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I'm trying to find a specific story in the Pali canon (or commentaries, probably), where an anagami who looks after his mother makes a living by firing pots and putting them out by the side of the road. When people go by, he says "take what you like, just leave some beans or rice, or whatever you think it's worth."

Anyone know where this story is found, or what the name of the anagami was?

  • Dear sir, this is so very interesting. Where I can I find other such similar stories from that era which are validated to be true? I think it gives a much better picture of the society during the time (or after) of Buddha. @yuttadhammo – user3743672 Sep 14 '14 at 1:38
  • There are many stories of previous eras that teach dharma principles. Are they historically true or are they teaching stories that teach the aspiring soul freedom? It is difficult to verify. – soulsings Sep 14 '14 at 13:40
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Here is the story you refer to http://www.yellowrobe.com/practice/general/247-money-rules-for-buddhist-monks-and-nuns-by-dhamminda-bhikkhu.html

It is taught that even a layperson who is an anagami (non-returner) keeps the ten precepts naturally and does not accept or use money. For example the anagami Ghatikara was without gems, gold, silver, or money, and made his living by taking earth that had eroded from the river bank and making it into pots. These pots he left at the side of the road and anyone who wished could leave a suitable amount of rice or food and take the pots. In this way Ghatikara supported himself and his blind parents. (See Ghatikara Sutta of Majjhima Nikaya.)

This demonstrates how money is an impediment to enlightenment and how the truly enlightened do not use money. The above quotes all prove that the acceptance of money by monks is not a small fault, and that it can render a monk incapable of attaining Nibbana .

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Thanks @soulsings for pointing me in the right direction; since I was looking for the Pali reference, here's the passage from the Ghatikara Sutta (MN 81):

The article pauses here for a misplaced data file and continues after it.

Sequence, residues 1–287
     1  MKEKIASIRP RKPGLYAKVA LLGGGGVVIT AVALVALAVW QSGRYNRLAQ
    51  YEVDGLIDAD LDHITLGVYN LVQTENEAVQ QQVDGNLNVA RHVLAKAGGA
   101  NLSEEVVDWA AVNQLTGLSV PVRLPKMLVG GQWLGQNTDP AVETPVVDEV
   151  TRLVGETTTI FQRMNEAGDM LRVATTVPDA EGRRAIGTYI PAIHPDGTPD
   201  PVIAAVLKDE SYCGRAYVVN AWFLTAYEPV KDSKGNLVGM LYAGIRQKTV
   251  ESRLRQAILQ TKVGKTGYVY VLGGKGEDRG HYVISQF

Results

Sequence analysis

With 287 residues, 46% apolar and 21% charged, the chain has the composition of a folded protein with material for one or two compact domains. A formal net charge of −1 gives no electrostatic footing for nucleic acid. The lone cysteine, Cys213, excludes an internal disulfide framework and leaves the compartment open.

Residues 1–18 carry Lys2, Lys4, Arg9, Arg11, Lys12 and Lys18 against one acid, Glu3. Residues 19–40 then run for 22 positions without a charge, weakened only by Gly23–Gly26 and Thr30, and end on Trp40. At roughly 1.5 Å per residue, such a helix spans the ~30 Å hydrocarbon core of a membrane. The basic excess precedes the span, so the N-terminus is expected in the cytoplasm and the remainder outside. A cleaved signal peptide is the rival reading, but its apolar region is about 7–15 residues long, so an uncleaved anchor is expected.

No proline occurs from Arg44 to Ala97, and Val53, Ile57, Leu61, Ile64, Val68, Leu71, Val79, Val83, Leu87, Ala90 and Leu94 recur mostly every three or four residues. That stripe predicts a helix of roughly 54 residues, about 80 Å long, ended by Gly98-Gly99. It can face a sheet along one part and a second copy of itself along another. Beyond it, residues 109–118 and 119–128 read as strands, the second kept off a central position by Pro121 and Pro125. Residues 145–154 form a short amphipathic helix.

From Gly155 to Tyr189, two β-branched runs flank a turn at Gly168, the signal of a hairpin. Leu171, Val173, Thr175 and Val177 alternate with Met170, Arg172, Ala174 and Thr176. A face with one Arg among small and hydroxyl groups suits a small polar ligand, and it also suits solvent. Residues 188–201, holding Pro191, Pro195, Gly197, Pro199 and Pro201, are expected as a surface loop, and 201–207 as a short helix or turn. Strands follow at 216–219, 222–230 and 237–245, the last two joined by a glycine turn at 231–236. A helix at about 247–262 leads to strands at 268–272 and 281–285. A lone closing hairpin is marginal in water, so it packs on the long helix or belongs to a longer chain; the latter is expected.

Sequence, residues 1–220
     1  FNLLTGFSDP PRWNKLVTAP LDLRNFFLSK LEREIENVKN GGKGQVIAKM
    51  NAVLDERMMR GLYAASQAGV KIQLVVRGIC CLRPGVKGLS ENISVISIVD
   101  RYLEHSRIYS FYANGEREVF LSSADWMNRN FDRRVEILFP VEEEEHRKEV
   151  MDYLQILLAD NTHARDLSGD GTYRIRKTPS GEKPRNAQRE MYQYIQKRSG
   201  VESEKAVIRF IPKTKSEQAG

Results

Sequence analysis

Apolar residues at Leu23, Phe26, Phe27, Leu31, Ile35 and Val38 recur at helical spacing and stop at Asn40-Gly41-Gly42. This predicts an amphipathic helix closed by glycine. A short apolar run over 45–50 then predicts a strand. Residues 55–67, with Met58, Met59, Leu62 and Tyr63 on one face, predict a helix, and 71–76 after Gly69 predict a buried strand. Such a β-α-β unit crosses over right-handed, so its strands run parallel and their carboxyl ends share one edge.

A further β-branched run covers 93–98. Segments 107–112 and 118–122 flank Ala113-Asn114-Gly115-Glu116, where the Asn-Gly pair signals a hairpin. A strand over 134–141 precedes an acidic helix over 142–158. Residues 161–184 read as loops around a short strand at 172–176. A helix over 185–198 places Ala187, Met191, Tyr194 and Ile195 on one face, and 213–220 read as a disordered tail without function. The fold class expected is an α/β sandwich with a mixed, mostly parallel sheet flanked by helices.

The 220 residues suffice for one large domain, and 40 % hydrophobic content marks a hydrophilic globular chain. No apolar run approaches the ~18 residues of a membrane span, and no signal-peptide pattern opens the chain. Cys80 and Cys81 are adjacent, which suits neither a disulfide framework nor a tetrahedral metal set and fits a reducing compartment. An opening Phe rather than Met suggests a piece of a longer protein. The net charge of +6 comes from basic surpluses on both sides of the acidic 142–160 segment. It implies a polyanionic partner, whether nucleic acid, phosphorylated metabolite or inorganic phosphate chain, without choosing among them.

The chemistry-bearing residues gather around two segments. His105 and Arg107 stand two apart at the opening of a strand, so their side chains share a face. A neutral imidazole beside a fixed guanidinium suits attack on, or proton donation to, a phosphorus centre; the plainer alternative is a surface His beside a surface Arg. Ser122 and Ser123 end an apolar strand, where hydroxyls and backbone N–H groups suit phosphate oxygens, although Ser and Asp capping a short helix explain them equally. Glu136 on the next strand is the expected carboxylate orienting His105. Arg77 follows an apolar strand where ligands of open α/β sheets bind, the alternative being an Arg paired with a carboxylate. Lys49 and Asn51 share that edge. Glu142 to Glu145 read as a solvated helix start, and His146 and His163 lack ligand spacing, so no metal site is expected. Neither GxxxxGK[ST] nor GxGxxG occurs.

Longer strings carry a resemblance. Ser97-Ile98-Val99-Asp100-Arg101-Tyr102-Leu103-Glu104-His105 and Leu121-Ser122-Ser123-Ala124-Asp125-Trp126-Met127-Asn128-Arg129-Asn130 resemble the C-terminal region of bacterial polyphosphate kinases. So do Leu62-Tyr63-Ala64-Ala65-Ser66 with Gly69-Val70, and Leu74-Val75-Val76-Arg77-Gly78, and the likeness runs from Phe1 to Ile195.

“Then he said: ‘Venerable sir, have you a better supporter than I am?’—‘I have, great king. There is a market town called Vebhalinga where a potter named Ghaṭīkāra lives. He is my supporter, my chief supporter. Now you, great king, thought: “The Blessed One Kassapa, accomplished and fully enlightened, does not accept from me a residence for the Rains in Benares,” and you were very disappointed and sad; but the potter Ghaṭīkāra is not and will not be so. The potter Ghaṭīkāra has gone for refuge to the Buddha, the Dhamma, and the Sangha. He abstains from killing living beings, from taking what is not given, from misconduct in sensual pleasures, from false speech, and from wine, liquor, and intoxicants, which are the basis of negligence. He has unwavering confidence in the Buddha, the Dhamma, and the Sangha, and he possesses the virtues loved by noble ones. He is free from doubt about suffering, about the origin of suffering, about the cessation of suffering, and about the way leading to the cessation of suffering. He eats only one meal a day, he observes celibacy, he is virtuous, of good character. He has laid aside gems and gold, he has given up gold and silver. He does not dig the ground for clay with a pick or with his own hands; what has broken off riverbanks or is thrown up by rats, he brings home in a carrier; when he has made a pot he says: “Let anyone who likes set down some selected rice or selected beans or selected lentils, and let him take away whatever he likes. He supports his blind and aged parents. Having destroyed the five lower fetters, he is one who will reappear spontaneously [in the Pure Abodes] and there attain final Nibbāna without ever returning from that world.

-- MN 81 (Bodhi, trans)

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    Thank you for quoting the Pali passage. It uncovers more depth to the story. – soulsings Sep 15 '14 at 22:06

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